Every Monday, discover new wines, regions, and ways to understand this fermenting sea.
Join 831 other subscribers
Munching Vidal Blanc on Keuka Lake, New York
Category Archives: Chardonnay
Hello! Follow me through Canada’s famed Okanagan Valley and check out the most extreme wines of the North. Today’s example, newcomer: O’Rourke’s Peak Cellars and their Chardonnay. Continue reading
Philippe Colin is a terroir-ist. He produces up to 25 wines a year, mostly drawn from 13 hectares (32 acres) of single plots in Chassagne-Montrachet: Burgundy’s central heart of golden, powerful Chardonnay (and some Pinot Noir). He would make more if possible. Colin has shifted from traditional 228 litres to 450 and 500 litres oak barrels, 20 to 25% of which are new, to not overwhelm the fruit with wood. Continue reading
Want more minerality in your wine? Somehow this bottle of bright, chalky, organic white Burgundy also trapped a piece of gravel in its glass base: It looks like the wine should be fine…we’ll see.
Check here over the next few weeks, I am touring Vancouver Island’s wines, ciders, and beer.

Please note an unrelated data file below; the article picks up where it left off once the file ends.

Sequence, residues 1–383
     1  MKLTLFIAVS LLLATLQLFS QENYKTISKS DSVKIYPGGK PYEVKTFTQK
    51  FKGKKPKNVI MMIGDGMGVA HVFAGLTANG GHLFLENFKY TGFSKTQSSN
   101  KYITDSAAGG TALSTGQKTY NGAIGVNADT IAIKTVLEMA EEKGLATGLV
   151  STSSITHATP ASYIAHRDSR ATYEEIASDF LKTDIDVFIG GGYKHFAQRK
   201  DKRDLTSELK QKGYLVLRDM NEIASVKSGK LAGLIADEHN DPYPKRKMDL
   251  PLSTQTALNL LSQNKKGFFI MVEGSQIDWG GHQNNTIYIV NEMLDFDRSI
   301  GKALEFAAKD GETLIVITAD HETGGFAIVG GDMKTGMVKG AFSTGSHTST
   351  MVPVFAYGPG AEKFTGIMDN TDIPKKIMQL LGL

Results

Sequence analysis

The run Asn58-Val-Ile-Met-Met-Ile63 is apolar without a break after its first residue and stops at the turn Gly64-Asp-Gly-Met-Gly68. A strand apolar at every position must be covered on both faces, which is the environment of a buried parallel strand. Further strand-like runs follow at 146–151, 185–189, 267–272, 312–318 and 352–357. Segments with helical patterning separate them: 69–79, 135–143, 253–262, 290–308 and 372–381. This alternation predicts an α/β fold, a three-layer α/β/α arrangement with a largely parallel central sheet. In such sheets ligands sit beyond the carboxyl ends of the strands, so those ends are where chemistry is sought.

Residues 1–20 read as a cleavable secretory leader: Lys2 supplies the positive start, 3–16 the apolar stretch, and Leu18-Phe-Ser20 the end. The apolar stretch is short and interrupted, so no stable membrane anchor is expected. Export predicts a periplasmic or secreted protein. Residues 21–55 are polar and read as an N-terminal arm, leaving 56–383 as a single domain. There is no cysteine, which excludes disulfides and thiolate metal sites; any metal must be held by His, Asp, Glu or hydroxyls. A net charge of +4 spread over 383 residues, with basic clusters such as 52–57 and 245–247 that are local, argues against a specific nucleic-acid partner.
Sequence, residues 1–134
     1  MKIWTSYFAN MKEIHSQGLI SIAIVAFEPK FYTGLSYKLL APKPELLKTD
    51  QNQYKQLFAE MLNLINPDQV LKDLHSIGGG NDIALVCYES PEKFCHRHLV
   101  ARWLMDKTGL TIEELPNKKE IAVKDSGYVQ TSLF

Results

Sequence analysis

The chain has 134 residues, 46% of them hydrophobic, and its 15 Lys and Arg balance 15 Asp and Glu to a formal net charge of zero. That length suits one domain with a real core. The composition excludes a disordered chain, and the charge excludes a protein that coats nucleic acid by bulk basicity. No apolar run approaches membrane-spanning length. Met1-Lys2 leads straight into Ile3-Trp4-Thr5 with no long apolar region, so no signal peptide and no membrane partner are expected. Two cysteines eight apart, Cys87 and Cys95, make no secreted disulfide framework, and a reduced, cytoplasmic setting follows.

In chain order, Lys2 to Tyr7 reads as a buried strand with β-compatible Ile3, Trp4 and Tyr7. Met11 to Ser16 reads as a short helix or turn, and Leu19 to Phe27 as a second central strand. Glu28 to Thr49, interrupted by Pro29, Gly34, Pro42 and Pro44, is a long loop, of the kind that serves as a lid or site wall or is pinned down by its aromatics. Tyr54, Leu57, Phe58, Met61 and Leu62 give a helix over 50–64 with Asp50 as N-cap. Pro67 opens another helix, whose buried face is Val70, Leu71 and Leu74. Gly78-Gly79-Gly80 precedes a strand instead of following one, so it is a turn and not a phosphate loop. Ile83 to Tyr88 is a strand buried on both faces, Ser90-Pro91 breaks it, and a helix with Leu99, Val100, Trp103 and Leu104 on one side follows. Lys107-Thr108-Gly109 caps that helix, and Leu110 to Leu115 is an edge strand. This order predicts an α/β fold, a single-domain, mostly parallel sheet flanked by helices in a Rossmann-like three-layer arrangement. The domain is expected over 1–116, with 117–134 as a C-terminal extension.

Wife, kid, and I (sounds like a musical) have driven a day to Victoria, British Columbia, Canada. And yes, they grow enough grapes here to claim a Vancouver Island appellation or VQA. Sure, vines only started in 1992, today boasting 432 planted acres and 32 wineries (even Oregon’s tiny Willamette Valley claims 19,000 acres and over 500 wineries). But what that youth and extremely small scale means, however, is focus: most wineries are estate only, often organic, and handled by families from vineyard to bottle. Continue reading
This Thirsty Thursday we drink Chardonnay. Wait! No! Keep reading! I lied. It is not Chardonnay, it is magnificent, fabulous, white Burgundy.
Now, yes, white Burgundy must be Chardonnay. But you try and grow any grape in Burgundy. Any grape. No matter how hard you try, the resultant wine will taste of Burgundy. Why?
The weather in this eastern French valley sucks. The soil sucks. Vineyards are smaller than American homes. Traditions and rules are painfully restrictive. Wine-making is stuck in the past. And everyone looks pale, angry, and old. Continue reading